Executive Team

Dr Ed Bertram

The John Curtin School of Medical Research | The Australian National University | Australia

Executive Officer, PhD GradDipMgt

Ed completed his PhD in Immunology in 1997 at the University of Adelaide and conducted post-doctoral research in Immunology at University of Toronto in Canada.  Ed has experience working in academia in both a research and teaching capacity, and over the last twelve years has provided executive leadership to a number of international research and commercial programs.  In 2016, he completed a Graduate Diploma of Management (towards an MBA for completion in 2017).

E: edward.bertram@anu.edu.au

Professor Matthew Cook

The John Curtin School of Medical Research | The Australian National University | Australia

Matthew is a practicing immunologist and head of department. He has published more than 60 peer-reviewed articles with an average of 54 citations each, in good quality journals, including Nature x1, Immunity x3, J Exp Med x9, and Blood x3 and PNAS x1. Highlights include discovery of Th17 deficiency in hyper IgE syndrome (J Exp Med 2008), demonstration of the role of Tfh cells in human lupus (Arthritis Rheum, 2010, cited 109 times), which built on our discovery of a new pathway of tolerance in germinal centres (Nature 2005 with CIA), and discovery of the ER stress mechanism of inflammatory bowel disease (PLoS Medicine 2009). He has made consistent contributions to his profession via Australasian Society for Clinical Immunology and Allergy, RACP, RCPA and the NHMRC and provides regular advice to government and health departments.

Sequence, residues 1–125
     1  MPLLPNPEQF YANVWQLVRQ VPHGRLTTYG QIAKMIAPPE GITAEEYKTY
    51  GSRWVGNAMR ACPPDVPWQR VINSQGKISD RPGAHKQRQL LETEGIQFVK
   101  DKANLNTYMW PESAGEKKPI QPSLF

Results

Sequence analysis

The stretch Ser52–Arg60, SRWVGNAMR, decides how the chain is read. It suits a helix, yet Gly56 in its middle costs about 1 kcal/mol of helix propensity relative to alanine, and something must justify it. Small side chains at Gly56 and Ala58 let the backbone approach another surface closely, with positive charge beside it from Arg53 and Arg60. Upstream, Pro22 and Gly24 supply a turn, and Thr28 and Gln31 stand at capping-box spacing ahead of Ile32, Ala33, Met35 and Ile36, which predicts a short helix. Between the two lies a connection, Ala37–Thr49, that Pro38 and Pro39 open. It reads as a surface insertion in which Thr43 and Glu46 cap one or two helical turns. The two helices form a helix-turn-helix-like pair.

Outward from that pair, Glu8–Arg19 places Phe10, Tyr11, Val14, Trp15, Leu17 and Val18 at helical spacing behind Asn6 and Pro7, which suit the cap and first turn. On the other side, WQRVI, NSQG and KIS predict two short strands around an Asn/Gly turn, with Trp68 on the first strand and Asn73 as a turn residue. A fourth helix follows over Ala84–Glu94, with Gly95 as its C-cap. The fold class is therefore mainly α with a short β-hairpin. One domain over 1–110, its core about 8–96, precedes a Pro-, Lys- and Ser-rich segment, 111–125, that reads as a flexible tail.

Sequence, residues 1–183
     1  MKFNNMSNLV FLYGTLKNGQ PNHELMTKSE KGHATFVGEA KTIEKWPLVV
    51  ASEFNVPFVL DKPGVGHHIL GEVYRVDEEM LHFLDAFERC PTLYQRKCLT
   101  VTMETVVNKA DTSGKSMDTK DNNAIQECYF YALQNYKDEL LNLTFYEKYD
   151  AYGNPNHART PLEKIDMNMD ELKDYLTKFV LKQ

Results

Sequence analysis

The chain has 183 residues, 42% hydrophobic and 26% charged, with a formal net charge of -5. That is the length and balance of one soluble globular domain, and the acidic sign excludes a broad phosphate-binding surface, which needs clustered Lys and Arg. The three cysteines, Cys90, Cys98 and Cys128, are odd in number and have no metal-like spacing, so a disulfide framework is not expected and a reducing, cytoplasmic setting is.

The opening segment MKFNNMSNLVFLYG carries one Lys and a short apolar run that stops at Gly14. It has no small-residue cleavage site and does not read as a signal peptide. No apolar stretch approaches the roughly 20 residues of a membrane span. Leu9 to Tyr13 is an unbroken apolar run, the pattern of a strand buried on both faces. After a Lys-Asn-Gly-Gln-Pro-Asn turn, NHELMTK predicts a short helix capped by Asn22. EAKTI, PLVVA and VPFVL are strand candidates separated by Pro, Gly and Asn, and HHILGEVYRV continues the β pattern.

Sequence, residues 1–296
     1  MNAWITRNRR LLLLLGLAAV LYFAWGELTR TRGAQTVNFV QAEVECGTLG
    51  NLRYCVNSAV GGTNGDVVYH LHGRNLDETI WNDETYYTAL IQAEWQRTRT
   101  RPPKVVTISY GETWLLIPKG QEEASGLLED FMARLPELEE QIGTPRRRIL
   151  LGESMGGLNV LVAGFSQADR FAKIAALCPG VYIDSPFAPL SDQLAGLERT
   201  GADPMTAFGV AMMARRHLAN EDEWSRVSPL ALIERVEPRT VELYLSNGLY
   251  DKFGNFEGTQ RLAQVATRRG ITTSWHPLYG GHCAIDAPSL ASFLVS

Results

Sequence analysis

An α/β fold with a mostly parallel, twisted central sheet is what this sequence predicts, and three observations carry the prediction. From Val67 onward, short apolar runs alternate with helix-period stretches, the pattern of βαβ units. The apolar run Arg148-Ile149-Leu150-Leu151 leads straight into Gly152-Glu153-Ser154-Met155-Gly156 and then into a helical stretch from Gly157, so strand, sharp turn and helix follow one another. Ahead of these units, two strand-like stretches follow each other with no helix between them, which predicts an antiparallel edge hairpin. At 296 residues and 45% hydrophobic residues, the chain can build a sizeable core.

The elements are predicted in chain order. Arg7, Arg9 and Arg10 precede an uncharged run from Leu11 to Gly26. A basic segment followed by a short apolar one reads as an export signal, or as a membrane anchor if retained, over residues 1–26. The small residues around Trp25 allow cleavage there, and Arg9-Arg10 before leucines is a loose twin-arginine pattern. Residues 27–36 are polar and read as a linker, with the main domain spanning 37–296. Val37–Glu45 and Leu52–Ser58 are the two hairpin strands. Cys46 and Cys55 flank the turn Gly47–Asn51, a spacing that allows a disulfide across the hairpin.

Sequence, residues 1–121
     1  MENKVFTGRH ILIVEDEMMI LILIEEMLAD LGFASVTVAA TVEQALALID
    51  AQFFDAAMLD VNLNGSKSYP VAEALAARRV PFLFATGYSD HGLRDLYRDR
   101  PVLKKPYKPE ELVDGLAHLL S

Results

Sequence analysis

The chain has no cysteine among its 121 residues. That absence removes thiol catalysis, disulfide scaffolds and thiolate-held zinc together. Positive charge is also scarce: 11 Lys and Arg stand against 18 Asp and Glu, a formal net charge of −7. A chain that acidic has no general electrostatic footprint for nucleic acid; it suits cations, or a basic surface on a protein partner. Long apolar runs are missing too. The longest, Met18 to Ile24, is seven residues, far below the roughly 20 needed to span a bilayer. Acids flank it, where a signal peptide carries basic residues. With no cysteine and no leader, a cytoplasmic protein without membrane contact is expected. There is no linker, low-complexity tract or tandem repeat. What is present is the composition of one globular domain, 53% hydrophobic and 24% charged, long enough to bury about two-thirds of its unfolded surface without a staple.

Dr Yuke He

Yuke He, PhD

Associate Researcher

Dr Yuke He is an Associate Researcher with a PhD degree in immunology and cell biology from University of Science and Technology of China. She has 10+ years of hands-on lab experience in in vitro and in vivo immunology and is responsible for managing the molecular cloning core in the CACPI laboratory. She is currently involved in downstream analysis of WES data as well as managing several projects towards connecting genetic variation in humans to autoimmune disease.